A serious responsibility of senior leaders is developing new leaders. Mentoring goes beyond the practical benefits of succession planning, to be a moral responsibility through which professionals demonstrate their commitment to a long term mission.
A few surveys I’ve conducted over recent years have shown that this kind of support is lacking, especially in public sector organizations. The responses from first line managers, even those with positive regard from their direct reports, express distress.
The exhaustion from intense demands and weak worklife boundaries is not surprising. It’s tough to maintain a balanced, sustainable lifestyle when undertaking new challenges.
What’s striking to me is widespread disaffection with organizational initiatives. So much of organizational change in today’s public sector means cuts. Addressing more demands with diminishing resources is celebrated as increased productivity. While an admirable goal at first glance, efforts towards increased productivity often meet resistance.
First line managers are at the cutting edge of putting those changes into action. They receive the immediate pushback from employees who felt overwhelmed already. Any well considered change strategy would have first line managers on side with new initiatives. Their positive attitude can be a beacon in leading employees to finding the benefits of a well-considered plan for action.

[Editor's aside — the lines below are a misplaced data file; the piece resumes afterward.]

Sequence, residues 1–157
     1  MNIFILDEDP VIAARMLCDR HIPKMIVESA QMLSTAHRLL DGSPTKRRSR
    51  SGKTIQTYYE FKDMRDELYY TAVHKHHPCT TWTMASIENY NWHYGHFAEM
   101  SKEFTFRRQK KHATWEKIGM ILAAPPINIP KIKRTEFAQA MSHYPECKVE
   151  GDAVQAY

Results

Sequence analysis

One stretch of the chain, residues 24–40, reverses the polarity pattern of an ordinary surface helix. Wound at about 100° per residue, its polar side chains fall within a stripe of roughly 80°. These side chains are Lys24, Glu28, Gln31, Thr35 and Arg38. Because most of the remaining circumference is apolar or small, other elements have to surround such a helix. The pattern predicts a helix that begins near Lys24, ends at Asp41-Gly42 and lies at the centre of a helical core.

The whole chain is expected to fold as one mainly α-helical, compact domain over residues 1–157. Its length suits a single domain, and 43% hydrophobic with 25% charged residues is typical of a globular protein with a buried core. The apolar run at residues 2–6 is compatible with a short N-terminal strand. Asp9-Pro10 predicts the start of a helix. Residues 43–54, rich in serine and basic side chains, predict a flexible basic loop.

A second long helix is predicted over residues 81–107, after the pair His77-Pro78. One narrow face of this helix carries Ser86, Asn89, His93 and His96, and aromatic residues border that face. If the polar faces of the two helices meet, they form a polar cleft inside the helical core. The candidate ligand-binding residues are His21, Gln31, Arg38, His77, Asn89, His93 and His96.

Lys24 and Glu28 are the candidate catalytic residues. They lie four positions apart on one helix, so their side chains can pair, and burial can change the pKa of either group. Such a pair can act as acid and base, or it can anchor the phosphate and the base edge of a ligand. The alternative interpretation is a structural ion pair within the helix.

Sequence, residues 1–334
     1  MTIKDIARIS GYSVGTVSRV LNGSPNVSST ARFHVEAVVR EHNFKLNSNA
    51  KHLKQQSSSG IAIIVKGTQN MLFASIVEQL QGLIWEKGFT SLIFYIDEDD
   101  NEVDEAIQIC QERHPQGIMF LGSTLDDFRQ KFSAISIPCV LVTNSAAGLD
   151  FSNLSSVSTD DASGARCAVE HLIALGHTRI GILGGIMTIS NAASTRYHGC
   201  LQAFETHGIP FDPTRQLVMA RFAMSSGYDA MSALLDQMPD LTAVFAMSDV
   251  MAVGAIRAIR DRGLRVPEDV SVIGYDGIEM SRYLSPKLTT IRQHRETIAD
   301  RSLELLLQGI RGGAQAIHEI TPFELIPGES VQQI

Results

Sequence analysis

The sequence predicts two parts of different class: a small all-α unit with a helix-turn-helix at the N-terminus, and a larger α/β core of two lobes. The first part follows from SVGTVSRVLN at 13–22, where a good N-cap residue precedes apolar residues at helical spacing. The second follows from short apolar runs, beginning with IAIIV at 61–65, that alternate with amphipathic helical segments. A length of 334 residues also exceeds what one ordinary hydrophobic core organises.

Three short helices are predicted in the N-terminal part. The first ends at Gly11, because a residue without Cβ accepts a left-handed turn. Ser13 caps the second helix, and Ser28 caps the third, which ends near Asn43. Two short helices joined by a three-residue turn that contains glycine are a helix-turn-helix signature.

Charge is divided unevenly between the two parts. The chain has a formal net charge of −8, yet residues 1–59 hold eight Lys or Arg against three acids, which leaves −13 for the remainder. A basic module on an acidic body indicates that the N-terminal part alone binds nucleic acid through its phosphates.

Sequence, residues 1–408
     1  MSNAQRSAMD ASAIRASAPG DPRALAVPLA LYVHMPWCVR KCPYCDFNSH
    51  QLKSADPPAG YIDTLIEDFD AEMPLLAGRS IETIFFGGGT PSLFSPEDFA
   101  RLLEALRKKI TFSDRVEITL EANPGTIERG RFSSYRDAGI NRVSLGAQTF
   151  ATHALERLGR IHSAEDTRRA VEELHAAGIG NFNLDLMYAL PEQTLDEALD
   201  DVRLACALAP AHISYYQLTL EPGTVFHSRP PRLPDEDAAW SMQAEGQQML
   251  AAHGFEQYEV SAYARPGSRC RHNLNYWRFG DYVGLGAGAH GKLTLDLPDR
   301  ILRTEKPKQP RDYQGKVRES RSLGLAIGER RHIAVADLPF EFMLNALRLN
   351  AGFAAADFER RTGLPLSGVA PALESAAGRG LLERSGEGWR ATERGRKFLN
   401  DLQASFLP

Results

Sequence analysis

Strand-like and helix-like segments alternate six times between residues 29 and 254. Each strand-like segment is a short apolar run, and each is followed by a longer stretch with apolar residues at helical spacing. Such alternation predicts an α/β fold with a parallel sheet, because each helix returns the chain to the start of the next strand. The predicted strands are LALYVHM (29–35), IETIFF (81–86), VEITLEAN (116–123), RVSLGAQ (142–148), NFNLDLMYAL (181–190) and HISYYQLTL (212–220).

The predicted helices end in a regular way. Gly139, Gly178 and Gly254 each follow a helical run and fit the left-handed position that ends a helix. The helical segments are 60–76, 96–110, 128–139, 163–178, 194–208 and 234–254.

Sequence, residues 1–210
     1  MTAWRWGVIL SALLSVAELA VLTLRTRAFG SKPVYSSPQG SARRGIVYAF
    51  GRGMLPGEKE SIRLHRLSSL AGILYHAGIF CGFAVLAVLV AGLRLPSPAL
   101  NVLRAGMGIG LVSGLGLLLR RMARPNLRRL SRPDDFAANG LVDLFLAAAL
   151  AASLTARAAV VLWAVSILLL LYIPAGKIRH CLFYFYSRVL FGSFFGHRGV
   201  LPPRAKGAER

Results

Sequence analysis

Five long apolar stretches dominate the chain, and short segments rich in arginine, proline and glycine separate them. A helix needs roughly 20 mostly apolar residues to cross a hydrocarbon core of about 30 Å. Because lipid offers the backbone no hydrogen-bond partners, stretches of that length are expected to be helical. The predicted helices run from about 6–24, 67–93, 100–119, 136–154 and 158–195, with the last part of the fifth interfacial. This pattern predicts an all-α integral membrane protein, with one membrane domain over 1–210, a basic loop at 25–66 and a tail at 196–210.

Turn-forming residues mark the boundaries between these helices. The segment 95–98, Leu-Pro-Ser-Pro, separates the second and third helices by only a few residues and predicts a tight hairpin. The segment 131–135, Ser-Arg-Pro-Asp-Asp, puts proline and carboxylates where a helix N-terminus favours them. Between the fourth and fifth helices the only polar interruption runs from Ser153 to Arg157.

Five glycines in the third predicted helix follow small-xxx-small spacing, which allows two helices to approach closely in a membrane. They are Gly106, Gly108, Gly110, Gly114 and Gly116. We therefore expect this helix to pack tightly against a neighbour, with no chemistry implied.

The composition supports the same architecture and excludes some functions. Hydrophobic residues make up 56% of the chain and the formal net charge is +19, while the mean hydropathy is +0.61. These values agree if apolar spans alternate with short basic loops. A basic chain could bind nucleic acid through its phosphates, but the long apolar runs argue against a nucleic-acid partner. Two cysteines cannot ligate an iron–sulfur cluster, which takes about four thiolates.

Survey responses often convey that these leaders are not with the program. They don’t recall participating in planning these initiatives. They see little recognition of the strains and creativity needed to put ideas into action. They lack emotional and logistic support for change.
As a result, first line managers often have a more negative attitude towards organizational change initiatives than do their direct reports. This state of things reflects poor leadership from the executive level. It also dooms many initiatives.
Enthusiastic support from first line managers is a precious resource; their skepticism builds a serious barrier to change.
Addressing this gap is certainly feasible, but it requires making the effort to support first line managers and having the openness to consider seriously their ideas for change.
- Involve first line managers early in the planning process.
- Clarify their role in developing buy-in within their units.
- Respond seriously to their concerns about implementing change within their units.
- Maintain ongoing mentoring relationships focused on developing solutions to emerging challenges.